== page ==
Science Projects for Kids: Weather and Seasons

Rain, Rain -- Go Away

See the effects of acid rain firsthand with Rain, Rain -- Go Away.
See the effects of acid rain firsthand with Rain, Rain -- Go Away.
©2007 Publications International, Ltd.

Rain, Rain -- Go Away is a science project that teaches kids about the effects of acid rain. Sometimes chemicals get in the air and mix with water to form "acid rain."

What You'll Need:

  • Water
  • Vinegar
  • Two jars
  • Sod

Learn about Rain, Rain -- Go Away:

Step 1: Put 1/4 cup of water in one of the jars. Ask an adult to cut two small squares of sod from your lawn or buy some sod at a nursery. Push one square of sod down into a jar so that the sod's soil is in the water.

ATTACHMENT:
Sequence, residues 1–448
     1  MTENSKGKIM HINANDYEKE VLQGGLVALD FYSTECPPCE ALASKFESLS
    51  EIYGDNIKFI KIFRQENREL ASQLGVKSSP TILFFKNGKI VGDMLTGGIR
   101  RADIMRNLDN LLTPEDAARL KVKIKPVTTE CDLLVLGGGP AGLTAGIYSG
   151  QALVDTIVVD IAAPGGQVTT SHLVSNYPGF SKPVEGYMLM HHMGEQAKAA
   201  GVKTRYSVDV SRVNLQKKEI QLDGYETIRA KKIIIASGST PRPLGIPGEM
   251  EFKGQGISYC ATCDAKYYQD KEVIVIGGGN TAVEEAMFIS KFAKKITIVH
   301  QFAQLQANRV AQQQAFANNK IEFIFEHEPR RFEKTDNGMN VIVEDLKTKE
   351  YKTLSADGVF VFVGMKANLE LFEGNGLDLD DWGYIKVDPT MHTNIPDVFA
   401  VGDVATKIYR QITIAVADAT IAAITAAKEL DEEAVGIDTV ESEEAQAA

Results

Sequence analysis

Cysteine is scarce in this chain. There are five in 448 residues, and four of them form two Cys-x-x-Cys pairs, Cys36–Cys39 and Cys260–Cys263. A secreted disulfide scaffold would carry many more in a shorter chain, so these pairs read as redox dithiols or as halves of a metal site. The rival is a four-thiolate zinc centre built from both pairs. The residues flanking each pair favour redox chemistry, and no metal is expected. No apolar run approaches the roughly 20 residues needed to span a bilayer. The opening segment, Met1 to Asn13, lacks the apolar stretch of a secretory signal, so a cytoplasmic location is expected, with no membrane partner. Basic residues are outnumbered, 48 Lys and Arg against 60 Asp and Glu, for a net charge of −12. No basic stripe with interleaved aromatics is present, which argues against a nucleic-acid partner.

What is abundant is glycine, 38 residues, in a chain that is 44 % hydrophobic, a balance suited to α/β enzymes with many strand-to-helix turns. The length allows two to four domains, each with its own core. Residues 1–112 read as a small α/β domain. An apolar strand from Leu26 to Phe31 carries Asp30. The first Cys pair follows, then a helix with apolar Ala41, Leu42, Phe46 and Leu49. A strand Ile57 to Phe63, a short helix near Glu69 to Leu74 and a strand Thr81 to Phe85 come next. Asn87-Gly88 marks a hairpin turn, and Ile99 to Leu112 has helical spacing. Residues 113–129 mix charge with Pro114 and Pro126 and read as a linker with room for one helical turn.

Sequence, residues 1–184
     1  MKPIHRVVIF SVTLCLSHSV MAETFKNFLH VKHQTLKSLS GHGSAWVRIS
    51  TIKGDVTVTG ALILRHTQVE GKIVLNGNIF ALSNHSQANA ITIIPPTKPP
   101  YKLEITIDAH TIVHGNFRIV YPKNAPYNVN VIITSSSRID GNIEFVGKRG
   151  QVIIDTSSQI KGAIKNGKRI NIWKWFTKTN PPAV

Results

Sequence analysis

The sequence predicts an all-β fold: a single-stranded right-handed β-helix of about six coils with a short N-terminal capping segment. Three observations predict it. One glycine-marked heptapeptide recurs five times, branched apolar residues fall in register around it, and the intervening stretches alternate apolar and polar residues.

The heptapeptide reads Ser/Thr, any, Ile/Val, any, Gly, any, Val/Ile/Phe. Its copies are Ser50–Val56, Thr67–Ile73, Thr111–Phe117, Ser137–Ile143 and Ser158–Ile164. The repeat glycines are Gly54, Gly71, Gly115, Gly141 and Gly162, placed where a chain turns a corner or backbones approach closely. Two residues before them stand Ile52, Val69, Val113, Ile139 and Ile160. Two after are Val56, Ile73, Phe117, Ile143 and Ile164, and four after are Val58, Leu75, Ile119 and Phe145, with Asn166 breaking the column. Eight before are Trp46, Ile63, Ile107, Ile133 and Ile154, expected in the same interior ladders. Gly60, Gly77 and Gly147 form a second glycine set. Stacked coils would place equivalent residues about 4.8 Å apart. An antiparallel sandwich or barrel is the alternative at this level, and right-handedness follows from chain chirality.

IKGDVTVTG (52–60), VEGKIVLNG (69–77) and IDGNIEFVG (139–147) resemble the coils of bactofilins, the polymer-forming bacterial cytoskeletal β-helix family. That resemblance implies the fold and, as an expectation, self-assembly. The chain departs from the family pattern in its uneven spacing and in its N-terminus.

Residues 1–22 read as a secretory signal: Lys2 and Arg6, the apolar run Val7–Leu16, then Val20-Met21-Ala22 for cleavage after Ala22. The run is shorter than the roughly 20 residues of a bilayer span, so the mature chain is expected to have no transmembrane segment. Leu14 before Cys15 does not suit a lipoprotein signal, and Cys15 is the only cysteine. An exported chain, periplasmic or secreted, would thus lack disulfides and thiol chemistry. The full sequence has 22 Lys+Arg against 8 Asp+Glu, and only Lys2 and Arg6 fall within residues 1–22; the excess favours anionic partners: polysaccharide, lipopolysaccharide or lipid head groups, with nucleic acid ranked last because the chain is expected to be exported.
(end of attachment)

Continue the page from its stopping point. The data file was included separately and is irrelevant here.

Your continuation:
Step 2: Then put 1/4 cup of vinegar in the other jar. Push the second square of sod down into the jar, so the soil is in the vinegar.

Step 3: Now place both jars in a warm, sunny place, and watch what happens over the next several days.

Step 4: Vinegar is an acid, like the acid in acid rain. Acid rain is a worldwide problem. It can be caused by smoke from factories, burning coal, and even car exhaust. In addition to harming plants, acid rain also pollutes bodies of water, kills fish, and destroys rocks and buildings!

Why is the sky blue? The science project for kids called Blue Skies uses visual aides to explain this natural phenomenon. Read about it on the next page of science projects for kids: weather and seasons.

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